Holiday health

Caroline Cassidy

The secret to the perfect holiday is preparation. A bit of research before you go will help you avoid illnesses while you're away so you can have a safe and healthy holiday. Learn about your destination and understand the local culture. All too often travellers get into trouble through lack of knowledge.

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Recent research has revealed that more than two thirds of people fall ill on holiday. This means a lot of wasted time and money as well as a whole lot of discomfort. If you want to avoid being confined to quarters on your break take a look at our top holiday health tips.

One of your priorities should be to speak with your doctor. Arrange a visit at least one month before your trip as some vaccinations need several weeks to take effect. In any case, you should always get vaccinated, even if you are running short of time. Your GP can also advise you about malaria tablets and any high-risk foods to avoid.

Be prepared for all eventualities. Pack a range of basic drugs such as paracetamol, hay fever tablets, laxatives and diarrhoea tablets. Make sure you take a stock of any prescription drugs as well, certainly enough to see you through the holiday.

Suffering some kind of stomach upset is fairly common when travelling abroad. There are many ways to avoid this: don't eat undercooked food, avoid ice in drinks and drink lots of bottled water. It's an idea to take some electrolyte powders for children with the runs. Try sticking to foods you are used to, don't pile your plate up with lots unusual goodies. Eating shellfish with a gallon of the local firewater is likely to cause you problems - so ease your way in.

Taking out insurance cover will protect you against costly medical bills if you get ill while you are away. If you are going to the EU you need to get a European Health Insurance Card (EHIC). The card replaced the E111 in 2006. The EHIC entitles the holder to medical treatment within the country they are in and the service provided should be the same as that received by a person covered by the country's 'insured' medical scheme.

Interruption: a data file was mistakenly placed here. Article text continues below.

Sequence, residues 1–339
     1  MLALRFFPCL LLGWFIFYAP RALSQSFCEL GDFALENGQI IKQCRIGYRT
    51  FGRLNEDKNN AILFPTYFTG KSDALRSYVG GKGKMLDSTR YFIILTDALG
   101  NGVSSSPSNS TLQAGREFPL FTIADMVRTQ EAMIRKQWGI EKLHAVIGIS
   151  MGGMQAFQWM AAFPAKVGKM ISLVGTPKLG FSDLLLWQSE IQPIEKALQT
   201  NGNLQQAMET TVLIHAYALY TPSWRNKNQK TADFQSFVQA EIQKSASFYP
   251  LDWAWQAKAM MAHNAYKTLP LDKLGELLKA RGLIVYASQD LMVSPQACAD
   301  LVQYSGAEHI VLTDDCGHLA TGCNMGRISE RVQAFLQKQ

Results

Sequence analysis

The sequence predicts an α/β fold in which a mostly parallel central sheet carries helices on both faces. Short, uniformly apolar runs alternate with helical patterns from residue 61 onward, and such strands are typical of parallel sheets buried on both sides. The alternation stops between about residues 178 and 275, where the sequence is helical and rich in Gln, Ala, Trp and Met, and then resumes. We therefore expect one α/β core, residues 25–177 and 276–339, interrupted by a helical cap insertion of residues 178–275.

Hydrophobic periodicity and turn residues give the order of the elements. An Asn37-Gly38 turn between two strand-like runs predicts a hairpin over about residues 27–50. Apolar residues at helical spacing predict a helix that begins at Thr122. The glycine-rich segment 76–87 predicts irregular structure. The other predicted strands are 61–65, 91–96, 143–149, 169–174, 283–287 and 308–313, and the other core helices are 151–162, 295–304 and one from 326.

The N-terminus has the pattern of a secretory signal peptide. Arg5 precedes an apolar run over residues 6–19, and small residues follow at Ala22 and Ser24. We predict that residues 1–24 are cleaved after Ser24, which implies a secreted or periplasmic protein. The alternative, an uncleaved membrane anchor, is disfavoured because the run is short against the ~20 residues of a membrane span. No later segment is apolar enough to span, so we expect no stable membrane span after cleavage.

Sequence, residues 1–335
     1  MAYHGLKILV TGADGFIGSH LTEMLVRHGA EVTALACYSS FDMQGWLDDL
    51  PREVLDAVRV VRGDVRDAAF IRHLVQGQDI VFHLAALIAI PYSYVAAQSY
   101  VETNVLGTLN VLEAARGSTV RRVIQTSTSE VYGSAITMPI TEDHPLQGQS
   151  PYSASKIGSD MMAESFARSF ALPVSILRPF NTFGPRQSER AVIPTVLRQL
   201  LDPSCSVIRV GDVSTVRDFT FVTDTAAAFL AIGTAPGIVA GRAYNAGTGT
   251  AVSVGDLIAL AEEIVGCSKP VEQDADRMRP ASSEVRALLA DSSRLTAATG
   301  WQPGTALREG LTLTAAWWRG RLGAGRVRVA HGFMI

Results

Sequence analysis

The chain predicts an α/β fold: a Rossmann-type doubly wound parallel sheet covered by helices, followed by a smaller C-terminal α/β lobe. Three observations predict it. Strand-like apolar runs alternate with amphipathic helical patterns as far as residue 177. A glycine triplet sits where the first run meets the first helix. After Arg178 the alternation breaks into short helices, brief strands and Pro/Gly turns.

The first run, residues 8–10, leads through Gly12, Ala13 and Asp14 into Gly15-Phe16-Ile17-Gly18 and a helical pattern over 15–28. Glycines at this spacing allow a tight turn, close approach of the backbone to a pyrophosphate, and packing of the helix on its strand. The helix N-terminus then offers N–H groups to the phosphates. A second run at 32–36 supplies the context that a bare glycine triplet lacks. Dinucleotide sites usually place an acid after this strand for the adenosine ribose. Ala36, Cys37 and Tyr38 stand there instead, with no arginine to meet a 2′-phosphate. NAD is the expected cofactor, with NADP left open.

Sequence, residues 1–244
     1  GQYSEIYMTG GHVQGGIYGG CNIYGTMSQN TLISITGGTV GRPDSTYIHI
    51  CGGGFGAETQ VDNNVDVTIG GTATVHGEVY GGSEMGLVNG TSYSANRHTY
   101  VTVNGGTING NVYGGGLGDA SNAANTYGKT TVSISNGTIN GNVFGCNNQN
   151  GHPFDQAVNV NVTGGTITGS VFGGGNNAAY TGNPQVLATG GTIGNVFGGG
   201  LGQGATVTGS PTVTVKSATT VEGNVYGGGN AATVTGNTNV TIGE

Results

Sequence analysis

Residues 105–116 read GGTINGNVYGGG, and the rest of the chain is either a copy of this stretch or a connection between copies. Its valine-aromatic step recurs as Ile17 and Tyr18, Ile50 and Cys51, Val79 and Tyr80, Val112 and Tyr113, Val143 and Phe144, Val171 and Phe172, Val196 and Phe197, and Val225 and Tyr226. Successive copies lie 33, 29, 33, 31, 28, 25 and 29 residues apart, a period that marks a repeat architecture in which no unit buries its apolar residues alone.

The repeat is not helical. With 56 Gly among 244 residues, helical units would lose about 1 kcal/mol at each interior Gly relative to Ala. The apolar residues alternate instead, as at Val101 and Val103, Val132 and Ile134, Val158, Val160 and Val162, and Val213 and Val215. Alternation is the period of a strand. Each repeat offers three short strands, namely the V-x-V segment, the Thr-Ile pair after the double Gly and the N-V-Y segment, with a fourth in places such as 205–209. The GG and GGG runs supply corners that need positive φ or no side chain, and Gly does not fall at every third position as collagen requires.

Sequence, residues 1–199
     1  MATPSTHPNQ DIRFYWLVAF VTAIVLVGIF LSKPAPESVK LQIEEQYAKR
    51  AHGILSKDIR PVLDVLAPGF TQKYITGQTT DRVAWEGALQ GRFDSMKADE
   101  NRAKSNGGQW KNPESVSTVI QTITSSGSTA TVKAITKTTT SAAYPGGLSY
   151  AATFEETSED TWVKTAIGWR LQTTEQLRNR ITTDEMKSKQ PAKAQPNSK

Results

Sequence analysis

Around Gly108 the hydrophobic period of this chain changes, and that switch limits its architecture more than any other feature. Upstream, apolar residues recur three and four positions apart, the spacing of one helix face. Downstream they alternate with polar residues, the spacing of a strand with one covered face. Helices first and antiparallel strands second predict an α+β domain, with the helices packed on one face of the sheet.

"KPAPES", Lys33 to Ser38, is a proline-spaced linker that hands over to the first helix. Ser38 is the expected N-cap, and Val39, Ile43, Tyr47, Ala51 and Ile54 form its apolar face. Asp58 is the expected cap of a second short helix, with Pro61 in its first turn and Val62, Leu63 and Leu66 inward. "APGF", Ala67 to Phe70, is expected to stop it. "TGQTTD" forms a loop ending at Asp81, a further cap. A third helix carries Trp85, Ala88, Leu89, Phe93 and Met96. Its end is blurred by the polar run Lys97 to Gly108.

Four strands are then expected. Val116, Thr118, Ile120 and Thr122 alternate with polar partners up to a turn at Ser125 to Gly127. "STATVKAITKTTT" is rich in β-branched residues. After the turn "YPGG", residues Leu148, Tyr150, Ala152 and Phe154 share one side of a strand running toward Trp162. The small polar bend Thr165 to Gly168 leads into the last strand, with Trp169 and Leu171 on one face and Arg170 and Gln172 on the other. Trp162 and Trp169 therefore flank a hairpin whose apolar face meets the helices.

Pack a first aid kit when you travel. This is especially important if you are taking an active holiday. Your items should include a sterile pack containing needles and syringes and extra medical items such as antibiotics, strong pain killers and other emergency treatments. Also include water purification tablets, a sun-block and some insect repellent.

Deep Vein Thrombosis (DTV) can occur when you are immobile for extended periods of time. So take regular breaks and keep mobile when you are travelling. Avoid alcohol and greasy foods so you don't end up feeling dehydrated or bloated.

It's a good idea to stick to bottled water. Avoid salads, ice and raw foods. Boil water if bottled is unavailable.

Staying safe in the sun will help protect you against skin cancer and painful sunburn that could ruin your holiday. Wear clothes that cover your skin, a hat and factor 30 sunscreen. Avoid sunbathing between 11am and 3pm. Apply waterproof sunscreen that protects against UVA and UVB every 2 hours.

Mosquito bites can be dangerous. Insects carry all sorts of diseases so cover up, especially near water and in the evening. Choose a good repellent with a high percentage of anti-mosquito agents.

Take a Vitamin B1 supplement as it deters midges by omitting a smell they don't like. Start taking it a couple of months before travel.

Practice safe sex at all times so you won't come home with an STD. Pack condoms and consider getting vaccinated against Hepatitis B before you go.